BY 80% IN TWO YEARS

Amref, GSK partner to reduce malaria, TB deaths

WHO has warned that disruption to malaria diagnosis and treatment could lead to thousands of additional deaths in Africa.

In Summary

• The programme aims to reduce the burden of the two diseases in the country, reverse any setbacks caused by Covid-19

• The goal of the Kenyan national malaria strategy is to reduce malaria incidence and deaths by at least 75 per cent of the 2016 levels by 2023.

TB patients in a Mombasa hospital
TB patients in a Mombasa hospital
Image: FILE

GlaxoSmithKline has partnered with Amref Health Africa to reduce malaria and tuberculosis deaths in Kenya by 80 per cent in the next two years.

The objective is also to strengthen the country’s healthcare system that has been shaken by the Covid-19 pandemic.

The programme aims to reduce the burden of the two diseases, reverse any setbacks caused by Covid-19, and accelerate the gains in tackling the ailments.

“The challenge is that these two are preventable diseases and therefore the loss of life is unacceptable,” Amref Health Africa CEO Dr Githinji Gitahi said.

The goal of the Kenyan national malaria strategy is to reduce malaria incidence and deaths by at least 75 per cent of the 2016 levels by 2023.

Although 90 per cent of life-saving malaria prevention campaigns were delivered as planned in 2020, the World Health Organization has warned that disruption to malaria diagnosis and treatment could lead to thousands of additional deaths across Africa.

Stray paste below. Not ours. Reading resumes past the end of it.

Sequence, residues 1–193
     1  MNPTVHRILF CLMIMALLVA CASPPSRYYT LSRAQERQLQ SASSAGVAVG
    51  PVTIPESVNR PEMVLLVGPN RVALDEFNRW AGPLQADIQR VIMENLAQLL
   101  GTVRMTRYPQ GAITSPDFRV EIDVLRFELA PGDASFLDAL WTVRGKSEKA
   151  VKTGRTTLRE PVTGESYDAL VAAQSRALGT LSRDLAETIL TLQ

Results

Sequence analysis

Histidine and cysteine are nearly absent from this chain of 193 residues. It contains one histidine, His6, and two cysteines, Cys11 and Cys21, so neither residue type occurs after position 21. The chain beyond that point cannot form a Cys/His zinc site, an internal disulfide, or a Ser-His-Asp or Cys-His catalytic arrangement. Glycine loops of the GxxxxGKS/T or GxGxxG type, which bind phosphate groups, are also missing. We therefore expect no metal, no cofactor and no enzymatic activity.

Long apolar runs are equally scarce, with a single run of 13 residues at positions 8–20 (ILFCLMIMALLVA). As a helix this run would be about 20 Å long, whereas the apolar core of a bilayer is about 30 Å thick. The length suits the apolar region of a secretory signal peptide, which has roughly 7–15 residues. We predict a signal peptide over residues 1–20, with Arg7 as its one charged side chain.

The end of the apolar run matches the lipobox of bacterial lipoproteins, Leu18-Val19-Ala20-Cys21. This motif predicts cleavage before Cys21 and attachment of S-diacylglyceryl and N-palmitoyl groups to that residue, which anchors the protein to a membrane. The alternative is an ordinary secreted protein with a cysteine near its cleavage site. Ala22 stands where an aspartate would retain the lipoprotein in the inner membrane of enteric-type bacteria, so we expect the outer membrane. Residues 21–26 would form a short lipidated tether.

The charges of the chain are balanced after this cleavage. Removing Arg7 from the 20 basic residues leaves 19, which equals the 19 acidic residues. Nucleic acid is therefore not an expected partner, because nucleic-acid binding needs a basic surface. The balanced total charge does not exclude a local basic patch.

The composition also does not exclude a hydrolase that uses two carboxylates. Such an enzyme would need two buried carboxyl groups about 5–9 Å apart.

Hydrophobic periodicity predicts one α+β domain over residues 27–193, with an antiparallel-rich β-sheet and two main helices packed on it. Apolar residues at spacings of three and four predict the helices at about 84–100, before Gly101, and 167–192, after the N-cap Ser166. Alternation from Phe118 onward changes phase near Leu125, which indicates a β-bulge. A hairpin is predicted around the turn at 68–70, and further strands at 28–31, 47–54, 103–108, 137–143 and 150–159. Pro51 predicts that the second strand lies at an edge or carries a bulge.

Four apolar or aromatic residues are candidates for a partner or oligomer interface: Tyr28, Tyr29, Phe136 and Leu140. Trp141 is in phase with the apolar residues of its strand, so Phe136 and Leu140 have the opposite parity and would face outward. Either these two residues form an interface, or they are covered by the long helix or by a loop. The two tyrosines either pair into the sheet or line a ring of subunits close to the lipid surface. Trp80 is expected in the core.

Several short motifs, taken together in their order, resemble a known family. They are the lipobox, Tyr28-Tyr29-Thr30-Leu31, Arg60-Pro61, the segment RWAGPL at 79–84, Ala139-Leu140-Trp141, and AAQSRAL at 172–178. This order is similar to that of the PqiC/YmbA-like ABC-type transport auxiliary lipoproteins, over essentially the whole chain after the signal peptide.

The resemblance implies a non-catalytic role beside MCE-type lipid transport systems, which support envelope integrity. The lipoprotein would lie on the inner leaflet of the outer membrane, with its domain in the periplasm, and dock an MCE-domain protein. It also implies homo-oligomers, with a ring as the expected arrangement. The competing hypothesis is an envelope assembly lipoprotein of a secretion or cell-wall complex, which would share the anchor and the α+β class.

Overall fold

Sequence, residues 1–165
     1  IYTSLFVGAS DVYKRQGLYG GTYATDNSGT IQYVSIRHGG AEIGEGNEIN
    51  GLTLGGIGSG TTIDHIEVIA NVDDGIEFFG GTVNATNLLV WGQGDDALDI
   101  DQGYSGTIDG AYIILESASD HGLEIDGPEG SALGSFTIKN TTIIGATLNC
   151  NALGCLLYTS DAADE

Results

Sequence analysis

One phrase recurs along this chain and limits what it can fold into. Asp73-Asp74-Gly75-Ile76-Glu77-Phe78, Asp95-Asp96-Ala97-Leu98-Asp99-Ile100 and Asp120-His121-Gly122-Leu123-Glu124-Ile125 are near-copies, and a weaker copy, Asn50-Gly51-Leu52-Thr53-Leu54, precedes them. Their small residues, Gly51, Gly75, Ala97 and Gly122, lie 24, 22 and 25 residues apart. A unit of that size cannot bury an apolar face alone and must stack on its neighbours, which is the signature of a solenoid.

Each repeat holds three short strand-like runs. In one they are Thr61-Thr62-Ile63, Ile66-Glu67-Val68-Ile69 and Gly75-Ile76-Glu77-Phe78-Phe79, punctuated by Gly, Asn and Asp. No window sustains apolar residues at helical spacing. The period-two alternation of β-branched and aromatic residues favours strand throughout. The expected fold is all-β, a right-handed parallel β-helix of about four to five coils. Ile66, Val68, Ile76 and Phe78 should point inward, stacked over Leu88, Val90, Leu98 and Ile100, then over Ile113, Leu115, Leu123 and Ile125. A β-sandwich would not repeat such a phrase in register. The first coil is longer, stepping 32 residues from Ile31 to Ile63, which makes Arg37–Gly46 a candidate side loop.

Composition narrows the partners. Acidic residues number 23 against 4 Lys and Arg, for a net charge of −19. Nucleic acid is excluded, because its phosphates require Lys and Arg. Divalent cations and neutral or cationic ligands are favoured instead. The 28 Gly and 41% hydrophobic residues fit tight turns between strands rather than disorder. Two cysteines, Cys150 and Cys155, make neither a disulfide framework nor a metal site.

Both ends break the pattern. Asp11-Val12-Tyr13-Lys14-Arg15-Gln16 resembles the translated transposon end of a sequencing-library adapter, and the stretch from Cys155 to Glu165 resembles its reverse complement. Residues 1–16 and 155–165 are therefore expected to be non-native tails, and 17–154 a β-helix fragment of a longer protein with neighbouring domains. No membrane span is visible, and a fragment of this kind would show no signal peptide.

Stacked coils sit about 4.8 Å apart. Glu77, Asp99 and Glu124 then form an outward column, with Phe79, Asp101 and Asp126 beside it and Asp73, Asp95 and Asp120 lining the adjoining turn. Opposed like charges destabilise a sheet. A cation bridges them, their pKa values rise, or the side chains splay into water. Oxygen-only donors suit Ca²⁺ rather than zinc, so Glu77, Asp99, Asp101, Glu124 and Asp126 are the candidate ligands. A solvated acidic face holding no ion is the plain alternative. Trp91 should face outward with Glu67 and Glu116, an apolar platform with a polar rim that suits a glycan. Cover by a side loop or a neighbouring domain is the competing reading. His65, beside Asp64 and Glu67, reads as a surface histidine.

Before the pandemic, half of the world’s population were already living with the threat of malaria and, despite promising progress since the beginning of the millennium, the parasite is fighting back.

Malaria transmission is almost exclusively due to P. falciparum and transmission is highly seasonal in coastal and highland areas of Kenya.

“Covid-19 is reliant on resilient, equitable health systems. Whenever we have seen that we don’t have resilient, equitable health systems, the impacts of health emergencies like Covid-19 become even more severe,” he said.

“We know that when we work on TB and malaria not as a vertical intervention, but horizontal interventions where we build community health systems and policy intervention we are building systems that last beyond these two interventions.”

At least 60 per cent of the population had access to indoor residual spraying, an insecticide-treated mosquito net or long-lasting insecticidal net in 2019, the report shows.

Malaria is a leading killer of children younger than five years in Kenya and claims the life of one child every two minutes.

“To end malaria for those still at risk, it is important to continuously innovate our approaches to stay ahead of the ever-evolving parasite,” Health CS Mutahi Kagwe said.

TB on the other hand is the fifth leading cause of death in Kenya and Kenya is ranked among the world’s 30 nation with a high burden of the disease that together account for more than 80 per cent of the world’s TB cases.

Data from WHO shows that globally 409,000 people died in 2019 as a result of malaria, 94 per cent of those deaths in Africa.

Meanwhile, more than 25 per cent of global TB deaths occur in the region.